- The warmer climate will aggravate the hydrological cycles and magnitude of rainfalls.
- Due to deforestation, agricultural practices and urbanization, hydrological disasters and pollution of lakes are common in the Himalayan regions.
- The Gangotri glacier is retreating about 28 meters per year.
- Due to the change of course of Kosi river, unexpected flooding in the regions of Nepal and Bihar will become common.
- Droughts and flooding will become cyclic.
- The changes in the monsoon timing and the rainfall timing result in the cloudbursts.
- The changing rainfall pattern will stress on groundwater.
- The increasing demands for food will cause a serious problem of soil degradation and climate change.
- Faster withdrawal of water due to the rise in population.
- In India, agricultural activities consume about 83% of available water.
- The researchers have predicted that the future change in climate may be felt more severely in the developing countries. For instance, India, whose economy is largely dependent on agriculture.
- India is already in the stress of over-population.
Impact on Indian Coastal states
- The coastal states will face a great risk due to the rise in the sea level. For instance, the coastal states of Maharashtra, Goa and Gujarat.
- The risk of the devastation of beaches and tourism infrastructure along the coastal regions. For instance, Goa and Mumbai.
- Flooding may cause inter and intra migration of population.
- States like Odisha and Andhra Pradesh will experience both tropical cyclones and tropical storms.
- The people living along the Ganges delta will experience cyclic flooding due to rise of sea levels.
Impact of climate change on the biodiversity of India
- Climate change can cause biodiversity loss, affecting both secrecies and their ecosystem.
- Due to deforestation, many species will be unable to move to new areas quickly enough to survive changes.
- India is the home of the largest glacier after the Arctic and Antarctica. However, climate change is threatening the life of this biodiversity.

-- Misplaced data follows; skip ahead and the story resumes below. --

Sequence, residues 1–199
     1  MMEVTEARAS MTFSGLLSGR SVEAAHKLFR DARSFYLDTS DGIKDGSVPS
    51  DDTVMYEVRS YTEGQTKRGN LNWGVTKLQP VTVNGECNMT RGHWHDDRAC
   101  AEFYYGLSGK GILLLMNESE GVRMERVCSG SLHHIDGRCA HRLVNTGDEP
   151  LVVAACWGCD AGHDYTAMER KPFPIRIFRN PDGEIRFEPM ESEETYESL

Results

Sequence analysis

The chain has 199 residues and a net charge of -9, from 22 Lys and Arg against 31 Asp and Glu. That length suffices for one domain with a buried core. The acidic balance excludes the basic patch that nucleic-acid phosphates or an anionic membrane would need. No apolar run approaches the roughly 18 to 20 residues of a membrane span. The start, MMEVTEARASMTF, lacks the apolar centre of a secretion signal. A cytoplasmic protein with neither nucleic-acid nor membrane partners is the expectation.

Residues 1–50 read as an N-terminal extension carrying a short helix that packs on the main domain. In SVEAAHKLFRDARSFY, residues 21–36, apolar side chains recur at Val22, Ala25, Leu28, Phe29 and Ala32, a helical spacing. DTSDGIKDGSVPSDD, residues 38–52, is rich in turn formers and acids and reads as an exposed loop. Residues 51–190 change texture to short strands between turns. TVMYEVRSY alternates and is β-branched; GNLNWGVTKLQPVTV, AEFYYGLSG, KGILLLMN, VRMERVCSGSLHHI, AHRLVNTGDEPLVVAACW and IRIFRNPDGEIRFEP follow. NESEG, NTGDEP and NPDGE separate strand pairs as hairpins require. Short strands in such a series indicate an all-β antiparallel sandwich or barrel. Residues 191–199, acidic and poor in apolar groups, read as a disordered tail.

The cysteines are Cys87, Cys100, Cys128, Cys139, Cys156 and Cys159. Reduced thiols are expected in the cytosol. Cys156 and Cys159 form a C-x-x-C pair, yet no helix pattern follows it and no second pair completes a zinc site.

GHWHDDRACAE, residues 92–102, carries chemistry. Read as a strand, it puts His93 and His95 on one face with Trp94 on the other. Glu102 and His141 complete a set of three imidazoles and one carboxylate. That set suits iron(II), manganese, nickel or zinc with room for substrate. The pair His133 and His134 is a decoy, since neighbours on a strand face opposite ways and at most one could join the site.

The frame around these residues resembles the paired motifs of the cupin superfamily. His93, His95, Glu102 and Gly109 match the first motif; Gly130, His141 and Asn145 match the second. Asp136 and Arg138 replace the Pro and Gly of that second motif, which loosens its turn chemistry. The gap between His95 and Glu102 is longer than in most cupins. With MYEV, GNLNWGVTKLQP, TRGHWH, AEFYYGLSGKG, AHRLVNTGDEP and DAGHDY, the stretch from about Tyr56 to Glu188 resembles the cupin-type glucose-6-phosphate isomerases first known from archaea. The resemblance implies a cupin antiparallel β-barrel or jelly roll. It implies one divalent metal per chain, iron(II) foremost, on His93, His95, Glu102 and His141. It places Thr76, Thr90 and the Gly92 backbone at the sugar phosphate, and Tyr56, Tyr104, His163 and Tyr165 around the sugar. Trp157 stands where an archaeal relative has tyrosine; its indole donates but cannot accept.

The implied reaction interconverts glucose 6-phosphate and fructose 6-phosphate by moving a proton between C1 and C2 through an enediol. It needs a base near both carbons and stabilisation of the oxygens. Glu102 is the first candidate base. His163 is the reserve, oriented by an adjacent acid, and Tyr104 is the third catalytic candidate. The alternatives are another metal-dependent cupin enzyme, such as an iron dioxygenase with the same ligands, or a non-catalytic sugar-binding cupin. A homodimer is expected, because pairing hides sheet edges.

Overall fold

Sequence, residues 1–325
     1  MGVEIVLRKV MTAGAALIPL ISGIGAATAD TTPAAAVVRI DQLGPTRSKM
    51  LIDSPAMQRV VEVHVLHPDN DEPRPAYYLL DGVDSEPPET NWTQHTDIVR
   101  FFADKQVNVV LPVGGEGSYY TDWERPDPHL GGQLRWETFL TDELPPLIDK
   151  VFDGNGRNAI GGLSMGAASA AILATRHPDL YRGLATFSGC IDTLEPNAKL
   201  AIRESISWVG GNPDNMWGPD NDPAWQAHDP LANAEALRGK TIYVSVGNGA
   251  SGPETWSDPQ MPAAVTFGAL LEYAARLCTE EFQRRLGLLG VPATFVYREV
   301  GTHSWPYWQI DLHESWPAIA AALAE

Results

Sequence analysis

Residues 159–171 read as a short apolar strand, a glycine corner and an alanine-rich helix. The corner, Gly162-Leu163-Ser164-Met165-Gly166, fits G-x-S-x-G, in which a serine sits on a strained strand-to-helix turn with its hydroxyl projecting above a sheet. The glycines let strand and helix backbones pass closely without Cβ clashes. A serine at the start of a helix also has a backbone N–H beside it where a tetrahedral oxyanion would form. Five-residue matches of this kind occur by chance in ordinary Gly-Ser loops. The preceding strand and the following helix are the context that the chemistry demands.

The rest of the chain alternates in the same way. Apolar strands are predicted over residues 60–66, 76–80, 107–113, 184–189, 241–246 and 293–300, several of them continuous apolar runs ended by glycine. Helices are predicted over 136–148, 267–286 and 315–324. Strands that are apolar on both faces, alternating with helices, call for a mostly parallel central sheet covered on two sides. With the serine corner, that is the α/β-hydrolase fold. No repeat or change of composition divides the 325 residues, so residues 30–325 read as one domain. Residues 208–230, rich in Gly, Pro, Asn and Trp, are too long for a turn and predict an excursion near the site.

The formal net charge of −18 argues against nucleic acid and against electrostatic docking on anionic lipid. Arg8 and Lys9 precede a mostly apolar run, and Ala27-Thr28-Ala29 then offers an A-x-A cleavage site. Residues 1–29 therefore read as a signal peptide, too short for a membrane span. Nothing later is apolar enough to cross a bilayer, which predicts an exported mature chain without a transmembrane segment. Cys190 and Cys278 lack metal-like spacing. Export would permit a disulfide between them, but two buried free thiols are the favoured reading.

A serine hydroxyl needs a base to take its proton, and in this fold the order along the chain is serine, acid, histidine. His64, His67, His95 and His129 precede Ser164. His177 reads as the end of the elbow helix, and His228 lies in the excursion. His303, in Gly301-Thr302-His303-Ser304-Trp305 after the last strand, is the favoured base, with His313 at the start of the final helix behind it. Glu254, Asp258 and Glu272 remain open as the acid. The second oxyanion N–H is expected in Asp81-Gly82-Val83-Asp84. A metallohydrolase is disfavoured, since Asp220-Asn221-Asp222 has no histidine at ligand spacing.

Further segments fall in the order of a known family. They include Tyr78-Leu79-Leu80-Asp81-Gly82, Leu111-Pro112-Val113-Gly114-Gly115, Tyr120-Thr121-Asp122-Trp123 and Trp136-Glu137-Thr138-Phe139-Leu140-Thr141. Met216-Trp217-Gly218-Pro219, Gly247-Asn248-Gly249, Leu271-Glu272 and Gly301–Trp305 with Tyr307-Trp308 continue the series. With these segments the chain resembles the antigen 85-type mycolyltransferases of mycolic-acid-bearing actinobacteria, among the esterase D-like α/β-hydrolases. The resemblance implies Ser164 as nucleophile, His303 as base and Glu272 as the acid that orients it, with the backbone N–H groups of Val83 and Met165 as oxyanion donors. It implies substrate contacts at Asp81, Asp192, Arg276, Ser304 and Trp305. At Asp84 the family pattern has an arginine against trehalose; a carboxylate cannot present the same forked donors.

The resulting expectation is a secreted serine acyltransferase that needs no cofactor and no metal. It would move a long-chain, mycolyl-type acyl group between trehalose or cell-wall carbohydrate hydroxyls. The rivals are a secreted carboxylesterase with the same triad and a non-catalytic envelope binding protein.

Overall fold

- There will be an increase in the phenomenon of Glacial Lake Outburst floods on the eastern and the central Himalayas.
- According to the latest studies, the process of deforestation has been increasing day-by-day.
Health risks due to change in climate
- The hot and humid weather, as well as poor nutrition, is costing people with hospitalisation expenses and poor quality of life.
- Heat waves may increase the number of deaths. For instance, in 2019 heat waves has killed many people in Gaya district of Bihar.
- Lack of fresh water during the floods compromise hygiene.
- Diseases like diarrhoea would increase due to the contamination of water during floods.
India action to climate change
- Commitment to the Paris Agreement on climate change, 2015.– India has promised to cut its emissions by 33% to 35% by 2030 compared to 2005 levels.
- National action plan on climate change (NAPCC) -It covers the following missions
- Solar mission
- Enhance energy efficiency
- Sustainable habitat
- Water mission
- Sustaining the Himalayan ecosystem
- Green India
- Sustainable agriculture
- Strategic knowledge of climate change
- International Solar Alliance (ISA)
- Faster Adoption and Manufacturing of (Hybrid &) Electric Vehicles in India (FAME India)– Aim to boost sales of eco-friendly vehicles in the country
- Pradhan Mantri Ujjala Yojana.
- Ujjala Scheme– A target of replacing 77 Crore incandescent lamps with LED bulbs for reducing electricity bills.
- Swachh Bharat mission– An aim to clean India, bring behavioural change and ensure solid waste management with modern and scientific methods.
In brief, there should be an adequate focus on educating people about climate change. Behavioural change among the masses is important to mitigate the adverse impacts of climate change.